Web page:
Art on loan is not subject to sanctions, the Finnish Foreign Ministry says
Tretyakov Gallery in Moscow © Getty Images
Works of art on loan from Russian museums will return home after being seized in Finland, as they are not covered by the EU sanctions, the Finnish Foreign Ministry said on Friday.
Following the diplomatic row over the seizure of artwork valued at around $46 million, the Foreign Ministry issued a statement explaining that the newly adopted EU sanctions against Russia allow member states to issue permits for the transit of “cultural objects that are part of official cultural cooperation with Russia.”
“The Ministry for Foreign Affairs will issue a permit for transports stopped in Finland last weekend that contain works of art owned by the Russian museums and returning to Russia from Italy and Japan,” the statement, published on the day the EU approved its fifth round of sanctions, reads.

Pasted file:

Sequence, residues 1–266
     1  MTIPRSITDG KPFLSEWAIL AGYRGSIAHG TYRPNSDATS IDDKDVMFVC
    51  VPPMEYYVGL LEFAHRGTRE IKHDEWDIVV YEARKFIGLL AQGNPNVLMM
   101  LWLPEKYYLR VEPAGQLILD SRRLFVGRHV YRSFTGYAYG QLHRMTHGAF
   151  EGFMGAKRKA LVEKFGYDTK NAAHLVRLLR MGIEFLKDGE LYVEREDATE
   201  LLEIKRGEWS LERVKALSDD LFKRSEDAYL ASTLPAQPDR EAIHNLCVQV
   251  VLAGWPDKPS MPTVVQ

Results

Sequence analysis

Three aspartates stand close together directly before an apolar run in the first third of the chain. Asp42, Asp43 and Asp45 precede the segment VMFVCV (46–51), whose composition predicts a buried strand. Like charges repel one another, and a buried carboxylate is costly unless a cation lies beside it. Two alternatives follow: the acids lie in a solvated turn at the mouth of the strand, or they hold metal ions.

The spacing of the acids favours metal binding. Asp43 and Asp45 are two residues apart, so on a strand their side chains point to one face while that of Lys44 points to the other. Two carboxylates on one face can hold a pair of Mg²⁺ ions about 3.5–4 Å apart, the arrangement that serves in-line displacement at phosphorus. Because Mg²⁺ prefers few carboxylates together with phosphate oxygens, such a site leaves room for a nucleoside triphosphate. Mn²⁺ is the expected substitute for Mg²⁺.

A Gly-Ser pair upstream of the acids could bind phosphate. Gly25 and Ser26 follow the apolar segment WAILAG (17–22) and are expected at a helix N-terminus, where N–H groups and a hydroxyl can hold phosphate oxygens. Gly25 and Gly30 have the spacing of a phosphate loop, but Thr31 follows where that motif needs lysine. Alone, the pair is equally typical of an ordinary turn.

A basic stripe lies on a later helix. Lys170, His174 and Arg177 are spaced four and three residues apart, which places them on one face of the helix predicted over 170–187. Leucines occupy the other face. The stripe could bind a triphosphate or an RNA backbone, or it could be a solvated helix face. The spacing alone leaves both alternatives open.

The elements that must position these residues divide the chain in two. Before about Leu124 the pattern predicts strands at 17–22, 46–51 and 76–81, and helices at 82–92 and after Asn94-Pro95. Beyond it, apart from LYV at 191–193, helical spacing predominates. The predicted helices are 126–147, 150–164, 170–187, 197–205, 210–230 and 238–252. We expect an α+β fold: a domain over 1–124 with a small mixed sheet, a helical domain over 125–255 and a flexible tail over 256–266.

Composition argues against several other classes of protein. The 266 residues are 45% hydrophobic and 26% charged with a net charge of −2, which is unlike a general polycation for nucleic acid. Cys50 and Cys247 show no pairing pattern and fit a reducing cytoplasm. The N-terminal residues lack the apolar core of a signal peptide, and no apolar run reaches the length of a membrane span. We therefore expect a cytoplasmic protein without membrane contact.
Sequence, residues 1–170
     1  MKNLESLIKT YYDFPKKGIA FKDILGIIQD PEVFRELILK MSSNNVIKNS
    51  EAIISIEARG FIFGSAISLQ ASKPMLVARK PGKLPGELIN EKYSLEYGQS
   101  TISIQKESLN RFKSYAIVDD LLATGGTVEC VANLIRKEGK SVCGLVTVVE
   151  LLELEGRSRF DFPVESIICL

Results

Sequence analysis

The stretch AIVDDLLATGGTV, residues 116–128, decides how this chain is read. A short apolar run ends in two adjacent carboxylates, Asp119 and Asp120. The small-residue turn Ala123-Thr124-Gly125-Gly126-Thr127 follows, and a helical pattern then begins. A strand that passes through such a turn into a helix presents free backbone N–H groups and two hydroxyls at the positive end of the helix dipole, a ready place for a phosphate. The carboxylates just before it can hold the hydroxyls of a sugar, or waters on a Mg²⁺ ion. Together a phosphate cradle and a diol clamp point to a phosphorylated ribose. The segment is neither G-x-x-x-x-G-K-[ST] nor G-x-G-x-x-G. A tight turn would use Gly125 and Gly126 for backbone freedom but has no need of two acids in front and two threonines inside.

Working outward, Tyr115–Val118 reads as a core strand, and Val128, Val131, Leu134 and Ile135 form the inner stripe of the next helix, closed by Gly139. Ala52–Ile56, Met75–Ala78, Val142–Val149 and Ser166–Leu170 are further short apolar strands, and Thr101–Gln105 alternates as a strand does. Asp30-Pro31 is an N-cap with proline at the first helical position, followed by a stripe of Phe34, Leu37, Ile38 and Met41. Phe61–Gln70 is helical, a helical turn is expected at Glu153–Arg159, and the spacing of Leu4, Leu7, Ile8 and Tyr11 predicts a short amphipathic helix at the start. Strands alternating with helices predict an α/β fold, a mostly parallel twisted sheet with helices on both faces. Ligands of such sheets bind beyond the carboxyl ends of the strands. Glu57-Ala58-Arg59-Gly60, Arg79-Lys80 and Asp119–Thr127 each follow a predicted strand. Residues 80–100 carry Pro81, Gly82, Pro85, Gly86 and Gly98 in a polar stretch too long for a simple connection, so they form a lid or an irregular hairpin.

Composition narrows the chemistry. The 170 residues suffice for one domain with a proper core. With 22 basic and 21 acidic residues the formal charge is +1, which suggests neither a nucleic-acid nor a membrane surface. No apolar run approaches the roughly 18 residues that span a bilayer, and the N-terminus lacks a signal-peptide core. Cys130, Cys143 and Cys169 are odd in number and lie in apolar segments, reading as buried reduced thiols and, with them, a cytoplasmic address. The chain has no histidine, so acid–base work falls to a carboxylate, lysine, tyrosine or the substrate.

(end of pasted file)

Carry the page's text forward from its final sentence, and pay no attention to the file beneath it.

On Friday morning, Russian Culture Minister Olga Lyubimova said the paintings and sculptures, some of which belong to the world-renowned Tretyakov Gallery in Moscow and Hermitage in Saint Petersburg, could be back in Russia this weekend.
“The European Commission clarified that the exhibits which participated in European exhibitions are not on the sanctions list,” Lyubimova wrote on Telegram.
The seizure of the Russian-owned works was confirmed by Finnish Customs on Wednesday, citing a “paragraph” of the EU sanctions imposed on Russia in response to its military attack on Ukraine. The next day, the Russian Ministry of Foreign Affairs summoned Finnish Ambassador Antti Helantera and expressed “strong protest” over the actions, which Moscow described as “legal chaos.”